Age,
Sex &
You

Promoting better sexual health in older adults

Age,
Sex &
You

Promoting better sexual health in older adults

Evidence based information for older adults

Information you can trust

Dr Sharron Hinchliff
Reader in Psychology and Health
The University of Sheffield

Normal sexual changes with age

Our bodies change as we get older. Naturally, then, we may experience changes in our sexual lives: our thoughts, desires, and needs. When we know about the sexual changes that can come with older age, it can help us to understand our bodies and decide if we want to seek professional help. But we need to bear in mind that what is normal for one person may not be normal for another. There can be huge differences in people’s levels of sexual activity, and in what they find sexually desirable. Some people have no interest in sex but enjoy acts of intimacy, whereas others prefer no physical contact at all.

Common changes in women

Women can experience physical sexual changes with age. Due to hormonal changes that come with the menopause, it can take longer for the vagina to lubricate, and vaginal tissues can become thinner. This can make penetrative sexual activity painful (dyspareunia) and in turn affect sexual desire. Orgasms can also change, and become less intense or take longer to reach.

During the menopause transition, women may experience symptoms that have an impact on their sex lives. The daily difficulties associated with menopause, such as hot flashes, brain fog, and tiredness, can be stressful. The disrupted sleep from night sweats can be exhausting. All of these can affect mood which in turn affects interest in sex. It is not unusual for women to lose sexual desire at this time, but the reason may be a combination of emotional and physical factors. For example, women might have caring duties which can be tiring, particularly if they are still in work.

Some physical changes are less common but can still affect women’s sex lives. For example, vaginal prolapse as a result of decreased muscle tone, again related to changing hormone levels. And some women find that their orgasms have become painful, which can be due to spasm of the uterus.

Common changes in men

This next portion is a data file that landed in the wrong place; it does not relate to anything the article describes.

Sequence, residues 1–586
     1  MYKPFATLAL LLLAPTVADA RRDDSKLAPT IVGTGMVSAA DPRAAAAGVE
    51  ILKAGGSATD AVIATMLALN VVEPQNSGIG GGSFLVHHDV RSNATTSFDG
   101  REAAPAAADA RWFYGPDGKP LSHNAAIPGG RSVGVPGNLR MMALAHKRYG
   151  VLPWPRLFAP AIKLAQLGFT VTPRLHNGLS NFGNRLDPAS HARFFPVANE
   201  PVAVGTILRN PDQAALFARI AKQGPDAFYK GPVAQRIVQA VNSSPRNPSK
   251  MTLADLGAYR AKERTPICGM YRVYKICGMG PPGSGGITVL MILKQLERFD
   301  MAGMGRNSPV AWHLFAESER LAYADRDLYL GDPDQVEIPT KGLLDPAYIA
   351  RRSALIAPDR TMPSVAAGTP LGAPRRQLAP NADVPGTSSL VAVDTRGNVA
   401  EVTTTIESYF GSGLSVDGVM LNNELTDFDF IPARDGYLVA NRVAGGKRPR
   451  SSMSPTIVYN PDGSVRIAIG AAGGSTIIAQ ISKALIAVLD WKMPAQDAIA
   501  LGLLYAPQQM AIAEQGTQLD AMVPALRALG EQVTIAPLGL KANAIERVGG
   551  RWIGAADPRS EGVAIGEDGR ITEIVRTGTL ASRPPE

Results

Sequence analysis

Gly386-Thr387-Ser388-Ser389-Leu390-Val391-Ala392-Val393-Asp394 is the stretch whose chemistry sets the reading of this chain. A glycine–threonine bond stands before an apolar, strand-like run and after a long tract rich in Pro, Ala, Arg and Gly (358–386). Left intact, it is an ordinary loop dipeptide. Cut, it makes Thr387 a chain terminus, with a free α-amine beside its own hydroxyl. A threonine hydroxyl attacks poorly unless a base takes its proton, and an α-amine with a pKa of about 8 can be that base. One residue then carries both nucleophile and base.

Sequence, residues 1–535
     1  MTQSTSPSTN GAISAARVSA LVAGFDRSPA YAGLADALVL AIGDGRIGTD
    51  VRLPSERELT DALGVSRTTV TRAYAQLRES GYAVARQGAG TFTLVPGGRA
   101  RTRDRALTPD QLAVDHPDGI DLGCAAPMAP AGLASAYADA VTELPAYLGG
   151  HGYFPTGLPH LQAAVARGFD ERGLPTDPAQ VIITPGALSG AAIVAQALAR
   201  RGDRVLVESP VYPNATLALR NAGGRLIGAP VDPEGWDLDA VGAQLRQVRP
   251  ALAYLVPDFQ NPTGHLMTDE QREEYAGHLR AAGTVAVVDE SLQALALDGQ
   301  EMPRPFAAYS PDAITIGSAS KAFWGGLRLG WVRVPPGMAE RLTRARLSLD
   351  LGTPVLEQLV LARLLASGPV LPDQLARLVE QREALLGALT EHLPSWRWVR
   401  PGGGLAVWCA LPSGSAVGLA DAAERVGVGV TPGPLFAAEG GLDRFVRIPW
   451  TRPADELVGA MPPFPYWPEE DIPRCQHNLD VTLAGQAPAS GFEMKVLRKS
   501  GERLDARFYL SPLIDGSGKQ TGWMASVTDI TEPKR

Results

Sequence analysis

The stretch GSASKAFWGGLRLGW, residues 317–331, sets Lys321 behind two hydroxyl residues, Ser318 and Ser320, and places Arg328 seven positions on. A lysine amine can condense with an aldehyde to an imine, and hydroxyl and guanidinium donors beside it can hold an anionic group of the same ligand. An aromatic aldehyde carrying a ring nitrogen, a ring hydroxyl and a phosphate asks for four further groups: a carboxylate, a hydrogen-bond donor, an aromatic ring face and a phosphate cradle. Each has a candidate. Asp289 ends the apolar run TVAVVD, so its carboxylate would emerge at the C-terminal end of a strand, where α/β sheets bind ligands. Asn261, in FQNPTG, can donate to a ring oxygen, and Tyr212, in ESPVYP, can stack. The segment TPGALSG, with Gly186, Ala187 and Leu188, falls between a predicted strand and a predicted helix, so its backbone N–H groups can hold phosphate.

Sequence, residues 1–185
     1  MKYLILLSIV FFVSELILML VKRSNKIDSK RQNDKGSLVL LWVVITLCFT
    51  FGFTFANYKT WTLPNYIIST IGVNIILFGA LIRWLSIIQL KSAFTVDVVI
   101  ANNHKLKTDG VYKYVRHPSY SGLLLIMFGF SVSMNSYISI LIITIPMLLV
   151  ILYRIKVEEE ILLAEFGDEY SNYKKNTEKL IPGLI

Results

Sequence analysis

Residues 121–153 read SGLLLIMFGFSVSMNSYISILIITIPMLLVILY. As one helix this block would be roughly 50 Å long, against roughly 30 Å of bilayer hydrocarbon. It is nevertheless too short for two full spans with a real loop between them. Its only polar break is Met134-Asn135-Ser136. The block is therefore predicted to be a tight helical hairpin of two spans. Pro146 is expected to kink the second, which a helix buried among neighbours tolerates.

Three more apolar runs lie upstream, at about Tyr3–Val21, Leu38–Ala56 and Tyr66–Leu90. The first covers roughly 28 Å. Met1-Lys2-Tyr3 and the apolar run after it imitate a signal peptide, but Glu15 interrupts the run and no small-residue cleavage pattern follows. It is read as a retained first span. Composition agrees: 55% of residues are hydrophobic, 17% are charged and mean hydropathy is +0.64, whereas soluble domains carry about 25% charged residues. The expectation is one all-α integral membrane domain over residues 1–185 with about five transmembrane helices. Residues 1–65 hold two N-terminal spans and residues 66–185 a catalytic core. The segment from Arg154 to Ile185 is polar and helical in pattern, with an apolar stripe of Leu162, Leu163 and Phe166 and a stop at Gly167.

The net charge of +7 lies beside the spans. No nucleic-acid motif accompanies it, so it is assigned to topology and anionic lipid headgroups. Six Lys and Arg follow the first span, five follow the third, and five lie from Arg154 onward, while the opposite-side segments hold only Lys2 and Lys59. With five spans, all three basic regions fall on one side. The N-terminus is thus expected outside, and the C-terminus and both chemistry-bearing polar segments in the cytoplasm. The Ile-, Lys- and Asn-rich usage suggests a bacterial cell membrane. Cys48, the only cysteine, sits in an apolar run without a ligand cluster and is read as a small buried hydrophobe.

It is not uncommon for men to notice changes in their erections as they get older. Some men find that their erections are less firm, and that they take longer to achieve. Some men find that they cannot get an erection, while others cannot maintain an erection for very long.

Changes to orgasm and ejaculation can also occur. In particular, there can be reduced semen at ejaculation, and the chances of experiencing non-ejaculatory orgasm (dry orgasm) increases with age. The ejaculation itself may feel less forceful, and the urgency to orgasm can reduce. The recovery period after orgasm extends which means there is a longer period between orgasms.

Men may experience physical changes that are less common including prostate disease. Some men undergo prostatectomy which can affect their ability to get an erection.

Emotional issues

Emotional issues are important to our sexuality. Factors such as stress or relationship difficulties can influence our sex lives at any age: our desire, arousal, and satisfaction with sex. Also, relationships can change over time, along with our priorities, and adults may find that they place less importance on sex as they get older.

Depression and anxiety can affect our sex lives in different ways. They can make us lose interest in sex, and can cause erection problems. Sexual changes themselves can impact psychological well-being, and some women describe feeling less of a woman because they do not desire sex, and some men feel de-masculinised when they cannot get an erection.

As adults we can feel differently about our bodies as we get older, especially if we have a visible difference caused by illness or disability. A changed appearance, including the general changes to physical appearance that come with older age (baldness, grey hair, weight gain) can affect self-esteem which in turn can affect interest in sex.

Health conditions and disability

Many health conditions can have an impact on our sex lives, including those we are most likely to encounter as we get older (e.g. dementia, stroke, heart disease). Health conditions can affect our sexuality in physical and emotional ways. For example, we may experience a disability that limits the sexual positions we can hold, and feel fatigue due to illness which then affects sexual desire.

Many prescribed medicines, including those for long-term conditions and common cancer treatments, can have sexual side-effects in women and men. For example, they can cause erection problems, ejaculation difficulties and vaginal dryness. They can also prevent arousal orgasm and reduce sexual desire.

Sexually transmitted infections

We can get a sexually transmitted infection (STI) at any age. It is important to protect yourself during sex, especially if you do not know your partner’s sexual history. Condoms create a barrier to STIs and should be used during oral, anal, and vaginal penetrative sex. Common STIs include HIV, chlamydia, syphilis, and gonorrhoea.

Dr Sharron Hinchliff

Reader in Psychology and Health
The University of Sheffield

Sharron leads a programme of research which explores ageing, sexual health, sexual well-being, intimate relationships, and psychological factors of health. Established in 2001, the aim is to better understand these issues so that we can improve patient quality of life and inform healthcare practice.

Sharron’s work sits within a framework of sexual rights. She is the founder of #SexRightsAge: a national campaign to recognise the sexual rights of older adults.

Age, Sex and You is the first website in the UK dedicated solely to adults aged 50 and older.

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Tel: +44 (0) 114 222 2045

Email: s.hinchliff@sheffield.ac.uk

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